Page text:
On Tuesday, the DC Council will hold a first vote on the Eviction with Dignity Act of 2018. We urge Councilmembers not to support the legislation without first making critical changes.
Since May of this year, Legal Aid, along with many of our colleagues in the legal services community, has been actively working with representatives of housing providers and members of DC Council on much-needed reforms to the eviction process. As my colleague Damon King wrote in July, our efforts suffered a setback when emergency legislation was put into place that lacked critical protections for the District’s most vulnerable tenants. Legal Aid testified on September 24 about the serious need for revisions to the legislation before it became permanent, and many of the councilmembers appeared receptive to those concerns.
After the hearing, the Housing Committee reconvened the working group to discuss modifications that needed to be made for the permanent legislation. The working group met once, and discussion of several of the tenant advocates’ primary concerns was tabled until the next meeting. But – much to our surprise – we learned this week that there will be no further meetings, and instead, the bill moved to markup yesterday, with almost none of the critical proposed changes incorporated.
We are grateful to Councilmember Robert White, who introduced an amendment at the mark-up that will expand the time allowed to tenants to collect their belongings from a rental unit post-eviction to include Saturdays – a critical protection for tenants who work full time during the week.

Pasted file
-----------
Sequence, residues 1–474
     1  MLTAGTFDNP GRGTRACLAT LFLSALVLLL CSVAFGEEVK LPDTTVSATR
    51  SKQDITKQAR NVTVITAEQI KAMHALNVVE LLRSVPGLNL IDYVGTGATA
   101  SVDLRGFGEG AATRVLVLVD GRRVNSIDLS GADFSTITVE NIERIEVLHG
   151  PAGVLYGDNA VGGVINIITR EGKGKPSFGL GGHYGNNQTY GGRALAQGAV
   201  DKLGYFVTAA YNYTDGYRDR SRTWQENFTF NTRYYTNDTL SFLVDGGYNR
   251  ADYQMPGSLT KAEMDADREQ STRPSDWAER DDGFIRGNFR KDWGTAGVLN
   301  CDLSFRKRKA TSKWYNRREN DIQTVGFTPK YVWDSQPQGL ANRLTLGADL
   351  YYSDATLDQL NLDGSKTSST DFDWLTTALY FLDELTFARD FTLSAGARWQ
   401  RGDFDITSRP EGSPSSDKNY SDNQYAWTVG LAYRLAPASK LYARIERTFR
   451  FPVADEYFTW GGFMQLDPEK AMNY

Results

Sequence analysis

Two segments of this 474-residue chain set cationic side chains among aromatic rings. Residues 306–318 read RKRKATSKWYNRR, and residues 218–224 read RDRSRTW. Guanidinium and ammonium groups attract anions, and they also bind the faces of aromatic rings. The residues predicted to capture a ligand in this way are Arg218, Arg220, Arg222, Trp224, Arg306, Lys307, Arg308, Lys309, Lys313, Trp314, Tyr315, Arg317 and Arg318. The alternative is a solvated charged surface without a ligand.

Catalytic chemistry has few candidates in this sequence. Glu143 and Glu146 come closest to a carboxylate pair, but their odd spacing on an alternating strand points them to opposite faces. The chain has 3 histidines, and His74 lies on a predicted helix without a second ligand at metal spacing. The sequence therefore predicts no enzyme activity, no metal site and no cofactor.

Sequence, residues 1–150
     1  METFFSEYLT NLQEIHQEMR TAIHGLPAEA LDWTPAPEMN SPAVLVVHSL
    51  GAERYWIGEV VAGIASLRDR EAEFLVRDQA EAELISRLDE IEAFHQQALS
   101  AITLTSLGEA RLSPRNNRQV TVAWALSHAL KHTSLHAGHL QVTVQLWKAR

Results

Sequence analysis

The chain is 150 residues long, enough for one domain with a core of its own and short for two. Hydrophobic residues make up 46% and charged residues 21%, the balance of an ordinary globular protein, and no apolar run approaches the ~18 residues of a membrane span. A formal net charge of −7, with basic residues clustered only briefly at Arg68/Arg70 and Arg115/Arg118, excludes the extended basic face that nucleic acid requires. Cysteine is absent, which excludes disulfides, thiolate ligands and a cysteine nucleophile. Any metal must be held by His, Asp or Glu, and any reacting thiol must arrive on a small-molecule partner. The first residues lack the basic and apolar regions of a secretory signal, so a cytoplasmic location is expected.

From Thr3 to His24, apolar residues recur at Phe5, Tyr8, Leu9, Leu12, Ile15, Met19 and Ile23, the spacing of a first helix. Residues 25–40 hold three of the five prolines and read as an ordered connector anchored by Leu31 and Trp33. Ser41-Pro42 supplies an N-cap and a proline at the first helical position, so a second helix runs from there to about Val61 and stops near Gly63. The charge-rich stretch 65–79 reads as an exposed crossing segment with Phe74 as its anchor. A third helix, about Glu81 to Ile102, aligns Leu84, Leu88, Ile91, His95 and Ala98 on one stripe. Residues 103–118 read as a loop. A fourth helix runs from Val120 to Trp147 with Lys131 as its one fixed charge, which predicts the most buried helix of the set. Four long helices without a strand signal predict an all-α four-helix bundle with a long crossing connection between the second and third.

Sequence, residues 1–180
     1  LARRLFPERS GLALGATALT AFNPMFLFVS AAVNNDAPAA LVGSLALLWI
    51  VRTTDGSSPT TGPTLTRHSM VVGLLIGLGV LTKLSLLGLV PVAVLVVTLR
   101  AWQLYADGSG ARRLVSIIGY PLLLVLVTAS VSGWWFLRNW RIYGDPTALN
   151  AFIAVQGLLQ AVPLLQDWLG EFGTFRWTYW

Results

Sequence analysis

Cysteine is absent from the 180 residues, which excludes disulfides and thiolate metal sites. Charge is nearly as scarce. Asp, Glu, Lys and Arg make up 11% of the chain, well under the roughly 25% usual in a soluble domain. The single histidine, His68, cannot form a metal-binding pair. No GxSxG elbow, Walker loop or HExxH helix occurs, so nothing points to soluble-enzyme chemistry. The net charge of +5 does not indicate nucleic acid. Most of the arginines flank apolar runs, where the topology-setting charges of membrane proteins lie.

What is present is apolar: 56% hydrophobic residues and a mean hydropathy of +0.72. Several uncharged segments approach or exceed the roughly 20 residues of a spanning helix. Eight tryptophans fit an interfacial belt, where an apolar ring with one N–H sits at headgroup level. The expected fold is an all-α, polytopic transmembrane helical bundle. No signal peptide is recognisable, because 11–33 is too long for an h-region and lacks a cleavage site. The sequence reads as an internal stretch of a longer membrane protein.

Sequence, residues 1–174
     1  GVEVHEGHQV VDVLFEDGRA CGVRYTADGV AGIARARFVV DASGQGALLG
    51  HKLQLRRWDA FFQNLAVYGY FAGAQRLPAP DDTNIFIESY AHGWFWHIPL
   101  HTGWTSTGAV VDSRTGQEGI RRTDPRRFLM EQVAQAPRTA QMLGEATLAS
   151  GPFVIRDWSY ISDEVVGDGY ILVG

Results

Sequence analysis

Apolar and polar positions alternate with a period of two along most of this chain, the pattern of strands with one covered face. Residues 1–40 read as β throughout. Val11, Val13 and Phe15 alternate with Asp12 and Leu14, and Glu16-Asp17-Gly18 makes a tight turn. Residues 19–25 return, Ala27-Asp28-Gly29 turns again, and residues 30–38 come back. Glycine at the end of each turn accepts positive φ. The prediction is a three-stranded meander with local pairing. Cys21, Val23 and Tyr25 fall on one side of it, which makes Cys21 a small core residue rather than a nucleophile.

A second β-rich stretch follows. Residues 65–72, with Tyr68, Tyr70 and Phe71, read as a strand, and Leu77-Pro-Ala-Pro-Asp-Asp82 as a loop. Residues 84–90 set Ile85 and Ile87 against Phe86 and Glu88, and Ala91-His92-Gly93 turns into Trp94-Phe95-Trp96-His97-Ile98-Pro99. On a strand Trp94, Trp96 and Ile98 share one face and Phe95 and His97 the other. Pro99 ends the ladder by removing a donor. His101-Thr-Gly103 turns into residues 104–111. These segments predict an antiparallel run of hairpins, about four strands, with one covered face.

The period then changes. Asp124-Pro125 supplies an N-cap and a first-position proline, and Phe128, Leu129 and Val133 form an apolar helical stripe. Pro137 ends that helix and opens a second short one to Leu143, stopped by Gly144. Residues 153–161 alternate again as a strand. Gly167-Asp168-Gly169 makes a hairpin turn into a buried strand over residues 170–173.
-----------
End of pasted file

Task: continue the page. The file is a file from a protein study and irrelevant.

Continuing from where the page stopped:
But that is not enough. We join our legal services colleagues in urging the Council to do more to protect the interests of the District’s most at-risk tenants. Specifically, we recommend the following common-sense amendments to the bill:
- Amendment One: Expand the pre-eviction notice period from 14 days to 21. According to the US Marshal Service’s most recent data, evictions happen an average of 28 days after the issuance of the writ. Expanding the notice period to 21 days does not prolong the eviction process; it simply gives tenants more time to access Emergency Rental Assistance or otherwise gather the funds to redeem the tenants. Or, if a tenant simply cannot preserve the tenancy, it gives them more time to pack their belongings and move. This benefits both the tenants and the housing providers, as the goal should be for as few evictions to happen as possible.
- Amendment Two: Increase the in-unit storage period. As introduced, the Eviction with Dignity Act included 10 days of in-unit storage. The permanent legislation should provide at least that many days, rather than the 7 days in the current bill. The loss of all of one’s belongings is too big a risk to reduce these protections, even by just a few days.